As a parent, I realize the idea of your child being sexually abused is intensely painful. The worst thing a parent can imagine is someone hurting their child.

However, as a licensed counselor, I have also spent thousands of hours working with survivors of sexual violence. From that time, I have learned that having the appropriate knowledge, tools, and resources can make all the difference in both preventing sexual violence from occurring and reducing trauma from sexual violence when it has already happened.

Parents can be some of the most formidable obstacles to a sexual predator finding an opportunity to abuse. Additionally, their support can speed the recovery of a child who has been through sexual abuse, and enable that child to regain peace once again.

The following guidelines (I call them the Safety Principles) will help you create an environment of prevention to protect your children as much as possible. These principles also help to create a safe environment for children if they need to disclose sexual assault, so that you as the parent can help lessen their trauma.

Safe community

The first safety principle is to create a safer community for your children. Identify the major organizations (your homeschool co-op, your church, sports teams, etc.) that form your family’s community. Then check those organizations for vulnerabilities that perpetrators can use to exploit potential victims.

  • Are background checks required on anyone who works regularly with children?
  • Are supervision and accountability policies in place for those who care for or teach children? One example is the rule of two, which makes it harder for a predator to isolate a potential victim.
  • Are measures in place to ensure that only authorized individuals retrieve your child from nurseries and classrooms?
  • Do staff and volunteers receive training in sexual abuse awareness and prevention?

Part of creating a safe community for your child is being aware of risks from individual people:

  • Review warning signs of grooming behavior by perpetrators, so that you can intervene early if necessary.
  • Check yourself often for authority bias (the belief that a person with authority is more likely to be in the right). People in authority are equally as capable of abusing a child as anyone else, whether they are doctors, pastors, teachers, or others who hold respected positions.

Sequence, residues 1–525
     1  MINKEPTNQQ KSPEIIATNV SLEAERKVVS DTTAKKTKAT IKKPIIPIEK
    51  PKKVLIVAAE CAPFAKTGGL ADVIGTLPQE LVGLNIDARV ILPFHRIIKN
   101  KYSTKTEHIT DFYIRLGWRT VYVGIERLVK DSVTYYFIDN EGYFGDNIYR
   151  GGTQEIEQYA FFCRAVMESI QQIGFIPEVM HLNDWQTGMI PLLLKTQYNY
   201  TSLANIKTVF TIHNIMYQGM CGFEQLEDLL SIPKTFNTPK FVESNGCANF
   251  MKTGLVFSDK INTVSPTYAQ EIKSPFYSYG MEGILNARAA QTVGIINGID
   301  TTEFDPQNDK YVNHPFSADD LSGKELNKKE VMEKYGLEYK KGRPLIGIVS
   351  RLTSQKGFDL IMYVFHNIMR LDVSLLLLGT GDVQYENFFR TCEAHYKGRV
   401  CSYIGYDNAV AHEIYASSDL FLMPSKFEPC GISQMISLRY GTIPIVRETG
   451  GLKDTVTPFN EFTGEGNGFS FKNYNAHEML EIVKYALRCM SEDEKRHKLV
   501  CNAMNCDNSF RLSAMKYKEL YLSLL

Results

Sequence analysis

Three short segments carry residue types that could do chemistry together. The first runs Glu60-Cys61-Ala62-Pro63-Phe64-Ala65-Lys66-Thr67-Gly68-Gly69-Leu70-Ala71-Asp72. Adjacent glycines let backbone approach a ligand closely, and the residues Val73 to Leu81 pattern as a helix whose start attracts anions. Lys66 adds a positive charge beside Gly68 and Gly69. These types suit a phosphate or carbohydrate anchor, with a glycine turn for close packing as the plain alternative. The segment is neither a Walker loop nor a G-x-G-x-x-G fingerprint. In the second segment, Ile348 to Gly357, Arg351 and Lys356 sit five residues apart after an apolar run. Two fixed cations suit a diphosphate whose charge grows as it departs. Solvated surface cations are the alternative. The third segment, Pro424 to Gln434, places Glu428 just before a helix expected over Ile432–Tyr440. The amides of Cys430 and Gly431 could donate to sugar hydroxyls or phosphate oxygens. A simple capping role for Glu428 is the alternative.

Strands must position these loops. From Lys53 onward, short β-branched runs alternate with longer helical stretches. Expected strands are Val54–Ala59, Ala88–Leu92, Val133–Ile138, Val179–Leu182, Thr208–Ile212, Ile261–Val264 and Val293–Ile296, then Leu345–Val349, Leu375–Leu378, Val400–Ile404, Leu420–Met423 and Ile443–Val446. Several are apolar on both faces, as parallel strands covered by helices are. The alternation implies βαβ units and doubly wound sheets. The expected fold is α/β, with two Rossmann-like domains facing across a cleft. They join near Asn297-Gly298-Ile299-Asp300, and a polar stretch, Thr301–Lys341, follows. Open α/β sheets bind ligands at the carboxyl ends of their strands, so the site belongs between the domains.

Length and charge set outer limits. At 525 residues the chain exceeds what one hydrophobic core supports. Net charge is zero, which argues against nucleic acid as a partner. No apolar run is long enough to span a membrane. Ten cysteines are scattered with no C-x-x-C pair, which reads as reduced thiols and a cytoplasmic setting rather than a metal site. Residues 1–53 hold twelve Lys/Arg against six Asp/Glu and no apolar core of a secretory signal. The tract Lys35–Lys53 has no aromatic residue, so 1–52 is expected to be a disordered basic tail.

Safe communication

The second principle is to create safe communication practices on the topics of sex and abuse. When children or adolescents are taught that they get a say in what happens to their own bodies, they better understand how to say “No!” when someone violates their boundaries. And when kids know that they will be believed and supported, they will feel safer in coming to you for help.

Here’s what you can do to create safe communication habits:

  • Teach your children and teens about consent. Consent is the idea that a person’s body belongs to them, and they have the right to decide who touches them and when. A great (and non-scary) way to teach this is when your children may not want to be hugged by you or a relative. “That’s OK,” you can say. “Your body belongs to you. When you decide you’d like a hug, I would love to hug you!” This can help them know it’s all right to say no when someone touches their body in a way they don’t like.
  • In addition, tell your kids specifically that it’s OK to say no to adults when there is inappropriate touching. Up until roughly the preteen years, it’s hard for children to understand exceptions to a rule like being obedient to adults. You can help them realize this by role-playing or asking hypothetical questions.